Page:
Prof. Qiu: Much of Singapore's Smart Nation initiative has to do with CSS, for example, when high-definition personal mobility data are analysed to inform urban planning and the future construction of roads and residential neighbourhoods.
Assoc Prof Tan: Regionally, we are seeing an increase in the frequency and intensity of natural disasters, such as earthquakes, volcano eruptions, tsunamis and forest fires. This has led to a large number of displaced persons and an increased demand for swift humanity responses from non-governmental organisations and government agencies. With more digitised and shared data, the physiological and psychological well-being of the displaced persons, as well as the responders, can be significantly improved.
What are some ways that you expect the field could expand and evolve during the next five to ten years?
Assoc Prof Tan: In the next five to 10 years, the healthcare services, for example, can be very different from what we have today, predominantly driven by artificial intelligence (AI), analytics and social sciences. For example, you can get personalised medical attention based on your genomic data when you need it, receive real-time AI nudges to help you eat better and be healthier, and even interact with intelligent robots that respond to natural human emotional feedback.
Prof Qiu: I expect to see the field becoming more transparent about data capture and sharing, and about the ethics of collaboration and automated decision-making, in the spirit of Open Science. This will require CSS scholars to engage with concerned citizens, members of parliament and digital media companies. It will also require institutional reform within universities so that humanistic thinking and computational approaches can better cross-fertilise. The new NUS College of Humanities and Sciences (CHS) is one such place where I anticipate to see CSS being elevated to the next level of ethical and sustainable development.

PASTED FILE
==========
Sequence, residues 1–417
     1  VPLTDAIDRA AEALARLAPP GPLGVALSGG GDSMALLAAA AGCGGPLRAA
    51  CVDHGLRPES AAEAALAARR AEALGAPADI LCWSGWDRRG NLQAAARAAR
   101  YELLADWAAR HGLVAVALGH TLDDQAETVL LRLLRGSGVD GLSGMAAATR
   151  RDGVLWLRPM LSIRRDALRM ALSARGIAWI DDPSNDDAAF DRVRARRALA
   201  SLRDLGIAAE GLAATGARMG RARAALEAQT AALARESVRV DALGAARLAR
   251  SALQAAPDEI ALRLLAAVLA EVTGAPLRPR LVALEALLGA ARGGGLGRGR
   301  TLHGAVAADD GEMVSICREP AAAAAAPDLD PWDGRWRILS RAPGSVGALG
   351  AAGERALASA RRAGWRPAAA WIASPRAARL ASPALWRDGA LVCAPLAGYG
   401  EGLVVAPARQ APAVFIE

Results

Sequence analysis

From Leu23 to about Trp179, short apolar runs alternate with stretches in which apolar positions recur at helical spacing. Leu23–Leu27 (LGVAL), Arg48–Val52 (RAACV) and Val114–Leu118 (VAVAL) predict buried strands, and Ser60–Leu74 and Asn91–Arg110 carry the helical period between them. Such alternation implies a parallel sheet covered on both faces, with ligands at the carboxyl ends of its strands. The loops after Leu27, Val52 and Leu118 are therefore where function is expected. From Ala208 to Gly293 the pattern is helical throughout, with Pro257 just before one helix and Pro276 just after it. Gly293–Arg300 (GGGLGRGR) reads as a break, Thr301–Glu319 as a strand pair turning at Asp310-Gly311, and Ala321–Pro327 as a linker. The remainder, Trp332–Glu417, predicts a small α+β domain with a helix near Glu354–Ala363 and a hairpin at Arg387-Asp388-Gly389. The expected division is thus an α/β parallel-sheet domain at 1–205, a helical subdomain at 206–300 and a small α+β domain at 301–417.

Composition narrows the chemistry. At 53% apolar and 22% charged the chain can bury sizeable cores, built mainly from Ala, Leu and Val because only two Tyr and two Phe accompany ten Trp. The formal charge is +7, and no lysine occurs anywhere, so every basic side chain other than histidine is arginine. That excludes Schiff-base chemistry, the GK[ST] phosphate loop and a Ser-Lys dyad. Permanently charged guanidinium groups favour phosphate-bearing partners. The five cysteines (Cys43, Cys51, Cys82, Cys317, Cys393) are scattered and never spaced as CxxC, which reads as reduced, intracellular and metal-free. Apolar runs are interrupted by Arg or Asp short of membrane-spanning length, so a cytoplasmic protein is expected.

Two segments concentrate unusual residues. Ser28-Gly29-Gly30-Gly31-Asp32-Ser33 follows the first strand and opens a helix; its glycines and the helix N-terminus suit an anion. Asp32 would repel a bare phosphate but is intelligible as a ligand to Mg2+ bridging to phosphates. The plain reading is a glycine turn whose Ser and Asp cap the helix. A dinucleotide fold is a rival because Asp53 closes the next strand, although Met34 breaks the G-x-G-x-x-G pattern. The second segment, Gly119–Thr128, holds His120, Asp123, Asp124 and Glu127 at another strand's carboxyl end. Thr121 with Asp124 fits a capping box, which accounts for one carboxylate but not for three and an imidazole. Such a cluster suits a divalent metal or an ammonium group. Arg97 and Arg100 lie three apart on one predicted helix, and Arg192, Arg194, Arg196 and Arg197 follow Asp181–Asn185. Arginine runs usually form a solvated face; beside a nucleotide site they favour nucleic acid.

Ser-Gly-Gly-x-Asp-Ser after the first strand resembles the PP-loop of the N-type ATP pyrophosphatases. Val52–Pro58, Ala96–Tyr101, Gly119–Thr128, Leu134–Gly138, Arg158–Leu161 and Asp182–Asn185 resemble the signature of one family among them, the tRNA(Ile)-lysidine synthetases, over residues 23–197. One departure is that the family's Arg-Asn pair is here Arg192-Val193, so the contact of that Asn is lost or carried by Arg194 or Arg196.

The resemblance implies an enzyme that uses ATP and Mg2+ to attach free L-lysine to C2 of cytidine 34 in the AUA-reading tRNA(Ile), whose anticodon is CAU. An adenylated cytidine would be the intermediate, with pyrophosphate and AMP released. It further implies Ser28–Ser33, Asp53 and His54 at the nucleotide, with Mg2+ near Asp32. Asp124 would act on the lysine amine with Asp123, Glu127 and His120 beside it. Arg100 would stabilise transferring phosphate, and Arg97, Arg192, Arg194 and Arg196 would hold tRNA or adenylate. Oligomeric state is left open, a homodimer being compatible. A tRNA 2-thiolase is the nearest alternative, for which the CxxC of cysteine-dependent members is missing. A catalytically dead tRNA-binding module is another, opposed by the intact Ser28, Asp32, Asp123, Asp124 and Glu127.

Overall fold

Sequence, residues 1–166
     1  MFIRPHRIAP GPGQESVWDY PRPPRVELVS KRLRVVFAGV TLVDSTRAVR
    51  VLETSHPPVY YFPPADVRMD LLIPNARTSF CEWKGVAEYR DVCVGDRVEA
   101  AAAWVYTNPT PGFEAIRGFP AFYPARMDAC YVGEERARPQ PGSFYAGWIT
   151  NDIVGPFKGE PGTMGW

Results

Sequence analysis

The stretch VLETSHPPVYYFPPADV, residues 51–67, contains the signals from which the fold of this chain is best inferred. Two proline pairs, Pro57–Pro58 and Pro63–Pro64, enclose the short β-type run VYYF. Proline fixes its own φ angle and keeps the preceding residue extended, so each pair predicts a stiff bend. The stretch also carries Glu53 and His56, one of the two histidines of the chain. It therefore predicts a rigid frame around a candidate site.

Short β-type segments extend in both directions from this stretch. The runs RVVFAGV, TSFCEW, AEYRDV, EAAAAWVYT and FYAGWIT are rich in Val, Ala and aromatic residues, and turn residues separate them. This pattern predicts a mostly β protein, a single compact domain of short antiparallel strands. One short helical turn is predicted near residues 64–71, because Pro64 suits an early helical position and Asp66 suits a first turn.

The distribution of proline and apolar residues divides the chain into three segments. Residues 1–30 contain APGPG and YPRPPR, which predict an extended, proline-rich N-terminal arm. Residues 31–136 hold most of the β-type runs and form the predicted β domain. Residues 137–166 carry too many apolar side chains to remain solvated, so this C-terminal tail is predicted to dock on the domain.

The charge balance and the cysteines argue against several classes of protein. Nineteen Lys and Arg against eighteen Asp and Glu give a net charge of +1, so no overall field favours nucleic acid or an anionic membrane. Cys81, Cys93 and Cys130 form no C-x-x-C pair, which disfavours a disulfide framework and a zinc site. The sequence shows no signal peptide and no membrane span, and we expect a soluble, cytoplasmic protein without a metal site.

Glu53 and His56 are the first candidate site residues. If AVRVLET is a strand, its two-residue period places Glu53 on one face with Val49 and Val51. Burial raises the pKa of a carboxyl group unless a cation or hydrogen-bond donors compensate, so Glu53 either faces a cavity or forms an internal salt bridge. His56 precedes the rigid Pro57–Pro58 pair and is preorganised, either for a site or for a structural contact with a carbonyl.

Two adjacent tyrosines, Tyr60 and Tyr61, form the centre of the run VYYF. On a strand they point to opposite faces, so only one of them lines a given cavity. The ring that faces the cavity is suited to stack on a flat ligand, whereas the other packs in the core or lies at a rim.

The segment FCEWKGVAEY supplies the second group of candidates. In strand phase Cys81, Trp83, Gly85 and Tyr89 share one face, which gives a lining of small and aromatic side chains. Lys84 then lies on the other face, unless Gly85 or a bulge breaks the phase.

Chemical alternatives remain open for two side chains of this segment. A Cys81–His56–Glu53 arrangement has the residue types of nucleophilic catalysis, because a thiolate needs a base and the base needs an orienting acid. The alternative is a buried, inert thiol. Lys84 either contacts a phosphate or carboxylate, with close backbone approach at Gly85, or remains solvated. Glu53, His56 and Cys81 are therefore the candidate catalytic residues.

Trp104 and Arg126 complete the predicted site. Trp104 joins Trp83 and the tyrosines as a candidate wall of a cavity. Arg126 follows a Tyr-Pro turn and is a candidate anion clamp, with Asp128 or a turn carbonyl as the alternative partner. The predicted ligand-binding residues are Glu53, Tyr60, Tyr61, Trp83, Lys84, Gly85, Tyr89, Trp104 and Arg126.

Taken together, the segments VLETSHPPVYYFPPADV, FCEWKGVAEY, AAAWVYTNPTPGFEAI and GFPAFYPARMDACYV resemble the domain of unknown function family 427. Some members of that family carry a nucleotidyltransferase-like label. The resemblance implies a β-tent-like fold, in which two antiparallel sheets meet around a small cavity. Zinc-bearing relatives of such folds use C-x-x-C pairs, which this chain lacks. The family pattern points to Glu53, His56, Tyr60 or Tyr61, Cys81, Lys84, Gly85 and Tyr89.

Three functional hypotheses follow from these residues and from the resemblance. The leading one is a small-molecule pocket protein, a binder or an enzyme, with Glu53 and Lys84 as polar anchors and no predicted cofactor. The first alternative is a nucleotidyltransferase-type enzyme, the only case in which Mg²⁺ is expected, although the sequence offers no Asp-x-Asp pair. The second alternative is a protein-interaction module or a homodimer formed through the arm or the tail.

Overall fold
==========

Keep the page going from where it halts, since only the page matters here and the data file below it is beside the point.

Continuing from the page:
Could you share about some of the exciting topics or projects that will be discussed at the forum?
Prof Qiu: The three-day event will be information-packed and feature a star-studded list of speakers. Join us, and you will meet some of the world's leading CSS scholars from the US, China, Ireland, as well as leading researchers from across many NUS departments.
I am thrilled to see so much interest on social networks, which will be addressed by our keynote speakers and presenters at this Global Research Forum. These include not only online networks of both people and content, for example, memes; but also, social networks broadly defined, including offline relationships, which help young Singaporeans to find jobs through their strong or weak ties. These are classic social science topics now being tackled in today's contexts, computationally.
It is also exciting to see colleagues deploying experimental design, which is a tool that I think should receive more attention compared to data mining. At the forum, we will learn about online experiments carried out through social media as well as field experiments related to Singaporeans' water conservation and sustainable development. These are exciting topics in themselves. There is another reason, though – CSS is often criticised for being too data-driven. However, good experimental design emphasises theoretical development and simplicity in modelling. I therefore think these studies should be really important and interesting.
A key takeaway would be a deeper appreciation of interdisciplinary research where humanity needs to come together and address the most pressing issues of our time, be they COVID-19 or misinformation or environmental sustainability. CSS emerges, not because computers have become more powerful, but because humanity and Planet Earth are facing existential crises, now more than ever, at least in most people's memory. It is these big problems that propel interdisciplinary collaboration through CSS using cutting-edge computational research tools, and for which CSS shall keep its most valuable promises.
Do register for the forum here if you’re keen to find out more about CSS and our research!